Things to Know About Headache

One of the common symptoms that brings people to visit a doctor is headache. It comes in various forms and patterns. It can be an isolated symptom or may be occurring concurrently or may precede other symptoms. In later case it evolves into a discrete neurological syndrome. Here I am giving reader an introduction to headache as a medical symptom with emphasis on migraine.

Some of the most common types include:

There are many different types of headaches, so identifying the location and nature of your pain can help determine the cause.

Tension headaches:

The pain from tension headaches tends to spread across both sides of the head, often starting at the back and creeping forward. This is the most common form of headache pain. Eyestrain, stress and hunger are frequently causes of tension headaches, and they can be chronic.

Sinus headaches:

These headaches often strike when you’re sick or feeling congested. They’re caused by swelling in the sinus passages, resulting in pain behind the cheeks, nose and eyes. The pain is often at its worst when you wake up in the morning and when you bend forward.


The changes in brain activity affect blood in the brain and surrounding tissues, causing a range of symptoms. In addition to severe head pain, migraine sufferers may experience some or all of the following symptoms:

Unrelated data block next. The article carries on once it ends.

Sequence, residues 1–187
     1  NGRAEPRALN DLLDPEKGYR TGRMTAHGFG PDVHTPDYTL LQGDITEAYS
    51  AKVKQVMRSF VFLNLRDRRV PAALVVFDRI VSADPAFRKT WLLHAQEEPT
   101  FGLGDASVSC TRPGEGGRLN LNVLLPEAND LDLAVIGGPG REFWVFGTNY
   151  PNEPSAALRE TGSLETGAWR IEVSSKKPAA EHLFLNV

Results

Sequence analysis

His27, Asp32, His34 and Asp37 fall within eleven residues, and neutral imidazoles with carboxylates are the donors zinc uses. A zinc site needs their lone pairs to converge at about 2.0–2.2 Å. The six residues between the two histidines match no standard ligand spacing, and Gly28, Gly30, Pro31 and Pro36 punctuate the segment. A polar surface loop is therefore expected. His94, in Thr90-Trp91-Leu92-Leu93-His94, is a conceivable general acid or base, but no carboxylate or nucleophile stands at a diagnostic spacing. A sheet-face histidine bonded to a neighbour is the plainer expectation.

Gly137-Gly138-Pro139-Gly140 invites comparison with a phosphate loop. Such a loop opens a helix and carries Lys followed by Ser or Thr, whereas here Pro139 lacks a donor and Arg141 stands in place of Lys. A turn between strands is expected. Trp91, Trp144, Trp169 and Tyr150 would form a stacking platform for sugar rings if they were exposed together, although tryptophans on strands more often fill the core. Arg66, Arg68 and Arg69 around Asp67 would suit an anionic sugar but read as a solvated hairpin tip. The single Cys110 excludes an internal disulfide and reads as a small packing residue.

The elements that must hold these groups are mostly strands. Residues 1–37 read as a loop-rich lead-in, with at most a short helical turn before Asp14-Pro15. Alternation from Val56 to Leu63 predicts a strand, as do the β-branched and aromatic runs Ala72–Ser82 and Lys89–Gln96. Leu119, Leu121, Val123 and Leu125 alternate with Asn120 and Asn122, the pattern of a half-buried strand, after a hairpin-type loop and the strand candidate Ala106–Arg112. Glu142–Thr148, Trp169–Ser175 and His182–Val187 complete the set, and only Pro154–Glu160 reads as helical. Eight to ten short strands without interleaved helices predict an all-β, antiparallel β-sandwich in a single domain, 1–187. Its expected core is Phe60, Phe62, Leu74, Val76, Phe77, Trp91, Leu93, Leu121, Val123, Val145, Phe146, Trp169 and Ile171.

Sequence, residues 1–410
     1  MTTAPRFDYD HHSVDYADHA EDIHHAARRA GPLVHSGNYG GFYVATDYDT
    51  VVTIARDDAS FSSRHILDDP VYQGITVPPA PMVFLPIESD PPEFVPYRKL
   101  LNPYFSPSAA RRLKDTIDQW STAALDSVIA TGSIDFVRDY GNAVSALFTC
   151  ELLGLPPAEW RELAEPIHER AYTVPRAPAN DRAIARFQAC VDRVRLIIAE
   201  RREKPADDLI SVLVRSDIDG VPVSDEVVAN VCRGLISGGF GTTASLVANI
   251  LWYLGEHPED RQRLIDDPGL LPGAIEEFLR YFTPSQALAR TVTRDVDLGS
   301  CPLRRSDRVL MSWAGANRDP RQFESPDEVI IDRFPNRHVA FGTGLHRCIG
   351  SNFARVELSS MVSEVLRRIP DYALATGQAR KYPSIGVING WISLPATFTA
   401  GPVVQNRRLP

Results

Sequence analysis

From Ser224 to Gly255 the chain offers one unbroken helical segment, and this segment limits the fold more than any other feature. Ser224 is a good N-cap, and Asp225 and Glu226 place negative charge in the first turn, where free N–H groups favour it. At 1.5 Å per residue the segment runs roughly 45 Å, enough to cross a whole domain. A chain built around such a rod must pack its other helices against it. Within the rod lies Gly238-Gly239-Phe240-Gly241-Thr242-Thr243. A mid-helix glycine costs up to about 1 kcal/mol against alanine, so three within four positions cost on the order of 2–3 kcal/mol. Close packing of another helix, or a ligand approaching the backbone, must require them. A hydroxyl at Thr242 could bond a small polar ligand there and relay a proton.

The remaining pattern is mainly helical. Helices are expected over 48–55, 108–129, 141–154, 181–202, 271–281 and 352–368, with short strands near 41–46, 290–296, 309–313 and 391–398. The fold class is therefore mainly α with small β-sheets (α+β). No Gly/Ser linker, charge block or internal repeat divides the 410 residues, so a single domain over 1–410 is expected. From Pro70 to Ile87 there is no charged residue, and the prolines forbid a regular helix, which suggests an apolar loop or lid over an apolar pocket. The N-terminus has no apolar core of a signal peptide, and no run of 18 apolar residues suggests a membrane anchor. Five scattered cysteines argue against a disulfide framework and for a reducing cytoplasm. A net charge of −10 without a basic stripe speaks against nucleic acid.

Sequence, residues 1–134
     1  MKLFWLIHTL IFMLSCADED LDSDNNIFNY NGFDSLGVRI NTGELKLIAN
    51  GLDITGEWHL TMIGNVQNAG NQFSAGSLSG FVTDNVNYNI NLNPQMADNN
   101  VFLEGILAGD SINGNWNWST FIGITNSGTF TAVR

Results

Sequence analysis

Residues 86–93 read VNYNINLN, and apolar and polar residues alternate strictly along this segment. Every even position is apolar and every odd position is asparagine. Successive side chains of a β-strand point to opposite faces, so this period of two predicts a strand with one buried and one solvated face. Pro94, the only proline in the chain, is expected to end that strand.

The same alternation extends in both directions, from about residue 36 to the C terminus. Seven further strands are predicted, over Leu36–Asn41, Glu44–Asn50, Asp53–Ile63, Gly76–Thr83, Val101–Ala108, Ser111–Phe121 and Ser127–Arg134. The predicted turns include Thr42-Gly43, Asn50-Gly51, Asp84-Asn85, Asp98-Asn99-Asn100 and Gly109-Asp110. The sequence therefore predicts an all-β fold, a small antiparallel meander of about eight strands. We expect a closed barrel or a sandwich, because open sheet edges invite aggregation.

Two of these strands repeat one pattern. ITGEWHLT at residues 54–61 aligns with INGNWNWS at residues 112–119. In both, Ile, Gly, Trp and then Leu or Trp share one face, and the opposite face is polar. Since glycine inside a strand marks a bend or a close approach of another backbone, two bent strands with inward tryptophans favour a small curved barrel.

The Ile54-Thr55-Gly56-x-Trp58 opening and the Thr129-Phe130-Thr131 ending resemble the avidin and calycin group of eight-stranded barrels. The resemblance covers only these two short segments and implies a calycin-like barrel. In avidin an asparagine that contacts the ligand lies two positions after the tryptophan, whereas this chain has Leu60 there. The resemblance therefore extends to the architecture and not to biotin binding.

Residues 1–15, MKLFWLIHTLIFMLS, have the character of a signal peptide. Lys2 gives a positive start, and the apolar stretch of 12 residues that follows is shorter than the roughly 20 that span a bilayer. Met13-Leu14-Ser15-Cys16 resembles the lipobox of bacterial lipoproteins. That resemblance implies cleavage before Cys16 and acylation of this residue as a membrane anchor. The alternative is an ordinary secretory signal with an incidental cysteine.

• Nausea
  • Increased sensitivity to light, sound or smells
  • Dizziness
  • Extreme fatigue

A migraine episode may occur in four different phases, though not everyone experiences every phase. The phases include:

  • Prodrome phase: Sometimes called the pre-headache phase, this stage features painless symptoms that occur hours or days before the migraine arrives. These include mood swings, food cravings and stiffness of the neck.
  • Aura phase: Auras refer to sensory disturbances that occur before or during a migraine. Auras can affect a person’s vision, touch or speech, though not everyone who suffers from migraines experiences auras. Examples of auras include blurred visions, blind spots that expand over time, numbness in the arm, and slurred or jumbled speech.
  • Headache phase: This is when the pain usually hits, and it may range from mild to debilitating. Physical activity and exposure to light, sound and smells may worsen the pain. However, some people can have a migraine without developing a headache.
  • Postdromal phase: The final phase is when the pain has subsided. People may feel exhausted, confused or generally unwell during this phase.

Lifestyle Changes

Adopting lifestyle changes may also help prevent some types of headaches and migraines. These include:

  • Exercising regularly
  • Making dietary changes to avoid trigger foods
  • Improving sleep habits
  • Practicing relaxation techniques, like yoga and meditation

Dr. Bhagyashri B Patil
M.D.(Respiratory medicine)
Respiratory Medicine

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